To survive the hostility and chaos of the Eastern Hemisphere, Jews crossed the ocean to the Americas and rebuilt a fortified republic in their homeland. In the natural course of events, the republic would have mainly picked up idealists, nationalists and the devoutly religious. It would have been a viable country, but a smaller one, with more in common with Ireland than its energetic overcrowded self.
Israel's composition is a fossil record of various periods of persecution, Russian Jews, German Jews, Middle Eastern Jews and then Russian Jews again. Its politics, its technology and its religion have taken second place to its need to protect itself, and the intellectual, the commercial and the religious had to make way for the military. Israel has been defined as much by that external pressure as by the idealism-- and that combination is perhaps the truest summary of the Jewish experience.
An Israel at peace, without constant assault by enemies and a storm of hatred thundering against it would not have truly reflected who the Jewish people had become over the millennia. It is the external pressure which has forced the Jews to find ways out of traps, to survive impossible situations and to accept constant change, while holding on to the things that mattered.
Its founders may have dreamed of a Hebraic European state, with short work weeks, plentiful cafes and vigorous debates over philosophical questions and social justice. But Israel was unable to escape its Jewish destiny, instead it became a country of Jews, a national diaspora, alone among the nations of the world, fascinating, repulsive, beloved, hated, but rarely ignored.
The Jews had defied history, instead of all flooding into the American Hemisphere to take up careers as fair-minded liberals or inhabitants of self-made ghettos, they made a last stand amid the ruins of the Middle East. They built a successful state, defied their enemies and have outlasted the best European efforts to compromise them into oblivion. They survived every Muslim army that came at them, won wars against impossible odds and held on in a region where the one thing that everyone could agree on was that they should be gone. And being Jews, they spread their hands and wondered why they were hated.
Israel is a non-Muslim country in a region where after centuries of conquests there aren't supposed to be any non-Muslim countries. It is an indigenous minority trying to fly the flag in an Arabized region and it can only survive by succeeding at everything it does. It has managed to defy the odds, like the Armenians, it has proven that it is possible for an indigenous minority to build a successful state out of a diaspora and defend it against Muslim aggression. Those ignorant of history might call it colonialism, but it actually represent indigenous peoples rolling back Muslim colonialism.
If worst comes to worst for Europe, perhaps one day Americans and Australians will resettle England and Scotland, the way that Jews resettled Israel. But the larger question may be who will resettle Australia and America? Retreating across the ocean to another continent is no real solution. Not in the age of the jet plane that can just as easily carry thousands of Muslim settlers, as be hijacked by its Muslim passengers and rammed into major landmarks and centers of government.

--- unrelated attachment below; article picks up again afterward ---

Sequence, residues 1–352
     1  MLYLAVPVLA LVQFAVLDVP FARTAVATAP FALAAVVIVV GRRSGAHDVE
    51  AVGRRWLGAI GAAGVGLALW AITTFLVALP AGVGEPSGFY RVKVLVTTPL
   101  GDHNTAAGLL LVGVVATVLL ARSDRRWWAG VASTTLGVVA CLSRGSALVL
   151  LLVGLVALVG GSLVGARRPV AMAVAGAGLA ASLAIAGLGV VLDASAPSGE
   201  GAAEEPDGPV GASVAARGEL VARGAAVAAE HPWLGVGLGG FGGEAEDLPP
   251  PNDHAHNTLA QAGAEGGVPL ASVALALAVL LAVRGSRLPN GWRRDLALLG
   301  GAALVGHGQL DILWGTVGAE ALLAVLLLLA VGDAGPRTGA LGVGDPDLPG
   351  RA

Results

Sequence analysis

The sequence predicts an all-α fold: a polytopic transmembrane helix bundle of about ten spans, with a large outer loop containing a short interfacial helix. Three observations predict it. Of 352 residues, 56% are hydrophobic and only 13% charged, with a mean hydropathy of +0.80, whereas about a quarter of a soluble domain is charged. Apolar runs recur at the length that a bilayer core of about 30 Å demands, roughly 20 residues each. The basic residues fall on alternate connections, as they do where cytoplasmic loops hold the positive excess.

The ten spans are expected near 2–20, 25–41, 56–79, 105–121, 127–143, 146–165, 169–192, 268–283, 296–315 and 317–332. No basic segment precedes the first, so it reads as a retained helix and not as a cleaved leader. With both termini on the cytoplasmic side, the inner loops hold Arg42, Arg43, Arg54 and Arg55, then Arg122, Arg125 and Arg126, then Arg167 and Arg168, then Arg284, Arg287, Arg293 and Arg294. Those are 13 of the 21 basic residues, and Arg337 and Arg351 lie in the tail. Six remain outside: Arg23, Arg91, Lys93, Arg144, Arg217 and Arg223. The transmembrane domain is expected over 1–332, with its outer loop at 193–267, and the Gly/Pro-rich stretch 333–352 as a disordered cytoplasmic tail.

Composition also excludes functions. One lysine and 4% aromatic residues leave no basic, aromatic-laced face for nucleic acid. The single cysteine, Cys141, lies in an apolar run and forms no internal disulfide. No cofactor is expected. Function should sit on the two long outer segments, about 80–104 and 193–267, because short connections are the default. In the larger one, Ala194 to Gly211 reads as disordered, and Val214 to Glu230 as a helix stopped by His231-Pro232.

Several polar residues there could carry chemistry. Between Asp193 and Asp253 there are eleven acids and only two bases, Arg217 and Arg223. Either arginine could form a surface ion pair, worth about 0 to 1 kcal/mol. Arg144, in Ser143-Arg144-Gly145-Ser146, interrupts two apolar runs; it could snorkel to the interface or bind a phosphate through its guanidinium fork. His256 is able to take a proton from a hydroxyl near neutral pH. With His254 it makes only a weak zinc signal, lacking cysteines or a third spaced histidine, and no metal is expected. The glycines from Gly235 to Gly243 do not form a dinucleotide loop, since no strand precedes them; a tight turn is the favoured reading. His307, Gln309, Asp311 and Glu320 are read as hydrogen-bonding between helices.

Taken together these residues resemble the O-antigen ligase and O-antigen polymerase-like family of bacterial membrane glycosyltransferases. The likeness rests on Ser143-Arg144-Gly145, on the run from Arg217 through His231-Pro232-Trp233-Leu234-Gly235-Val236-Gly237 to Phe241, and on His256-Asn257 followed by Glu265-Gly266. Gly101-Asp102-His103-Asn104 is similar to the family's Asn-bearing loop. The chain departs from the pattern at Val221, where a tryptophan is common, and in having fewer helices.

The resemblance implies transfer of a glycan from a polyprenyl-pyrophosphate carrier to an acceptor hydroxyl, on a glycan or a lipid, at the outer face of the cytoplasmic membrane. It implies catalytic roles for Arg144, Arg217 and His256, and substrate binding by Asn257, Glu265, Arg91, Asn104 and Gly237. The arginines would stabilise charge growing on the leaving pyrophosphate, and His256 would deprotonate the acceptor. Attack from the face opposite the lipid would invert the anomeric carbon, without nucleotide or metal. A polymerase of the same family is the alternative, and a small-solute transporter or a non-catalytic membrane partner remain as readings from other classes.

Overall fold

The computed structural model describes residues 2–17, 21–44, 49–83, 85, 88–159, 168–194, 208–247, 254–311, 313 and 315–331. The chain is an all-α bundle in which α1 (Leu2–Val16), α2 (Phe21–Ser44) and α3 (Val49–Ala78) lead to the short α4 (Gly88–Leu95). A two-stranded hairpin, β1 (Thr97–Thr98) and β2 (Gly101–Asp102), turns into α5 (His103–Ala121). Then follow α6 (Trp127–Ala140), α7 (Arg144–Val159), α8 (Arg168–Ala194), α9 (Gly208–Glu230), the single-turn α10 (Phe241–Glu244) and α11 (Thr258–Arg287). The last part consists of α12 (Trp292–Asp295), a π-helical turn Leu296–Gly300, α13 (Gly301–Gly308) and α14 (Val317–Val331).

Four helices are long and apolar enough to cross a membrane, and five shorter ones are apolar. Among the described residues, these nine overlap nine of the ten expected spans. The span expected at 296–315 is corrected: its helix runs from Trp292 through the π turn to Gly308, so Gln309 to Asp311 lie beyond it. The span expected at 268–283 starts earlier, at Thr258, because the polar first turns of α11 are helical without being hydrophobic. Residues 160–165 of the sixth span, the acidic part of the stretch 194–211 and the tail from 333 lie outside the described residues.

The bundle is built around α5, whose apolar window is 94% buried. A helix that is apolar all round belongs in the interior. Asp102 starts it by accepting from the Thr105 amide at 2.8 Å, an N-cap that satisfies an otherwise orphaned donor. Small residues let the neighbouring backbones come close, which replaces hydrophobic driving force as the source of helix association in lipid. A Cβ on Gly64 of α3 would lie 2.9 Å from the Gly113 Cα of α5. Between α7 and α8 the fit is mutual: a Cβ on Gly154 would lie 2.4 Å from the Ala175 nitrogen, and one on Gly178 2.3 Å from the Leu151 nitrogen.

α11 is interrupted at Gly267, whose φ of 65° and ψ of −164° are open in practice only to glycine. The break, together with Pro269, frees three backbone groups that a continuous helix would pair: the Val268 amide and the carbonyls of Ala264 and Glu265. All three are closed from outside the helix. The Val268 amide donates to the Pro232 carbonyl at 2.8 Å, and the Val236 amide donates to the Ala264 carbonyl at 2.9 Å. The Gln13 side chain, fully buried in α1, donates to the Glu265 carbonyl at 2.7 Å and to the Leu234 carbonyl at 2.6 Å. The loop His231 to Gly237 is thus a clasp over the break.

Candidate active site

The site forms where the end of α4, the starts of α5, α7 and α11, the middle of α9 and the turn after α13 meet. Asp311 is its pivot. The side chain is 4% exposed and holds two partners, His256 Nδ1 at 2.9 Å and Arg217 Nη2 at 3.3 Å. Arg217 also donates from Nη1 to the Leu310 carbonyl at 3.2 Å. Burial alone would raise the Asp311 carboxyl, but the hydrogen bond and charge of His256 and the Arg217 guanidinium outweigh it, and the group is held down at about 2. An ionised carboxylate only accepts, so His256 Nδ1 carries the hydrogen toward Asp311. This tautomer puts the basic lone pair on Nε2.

Israel may be civilization's last stand. Even if it fails, it was a nobler effort than pretending that nothing was wrong while heading out the door to other continents where it would take longer for the Jihad to reach their grandchildren. It is not an ideal state, founded by European Jews, it suffers from most of the afflictions of Europe, it has the labor relations of Greece, the political malaise of France, the intellectual culture of a bygone Germany and yet it also has a military that combines the best of England, Switzerland and Ancient Israel. And most of all it has Jews.
Few eyes turn to Israel on its Independence Day, not unless there are stories about rock throwing Muslims or outrage over another Jewish house going up in Jerusalem. Even many of the Jews on the other side of the ocean have closed their eyes and their hearts to it. In synagogues those who recognize the new miracles of the Lord, rather than only the old, give thanks and praise for that day. For most it is only another day.
As each of our birthdays reminds us that we are still alive, so too Israel's birthday reminds us that it is still here. It won its independence as an infant, at 19 it defeated seven armies. At 40 it launched its first rocket into space. At 44 it made a terrible life decision that it has still to recover from. It is 64 now, and yet booming with life, with anger, love, doubt, fear and a thousand other human tremors. It has gathered to itself the dead lost in the ashes and seen them born again amid its rebuilt ruins. It has stood on ancient mountains and reseeded the land and made it green again. It has reclaimed a legacy of a lost people and a lost land better than even its dreamers and visionaries could have imagined.
Who knows what it will do next?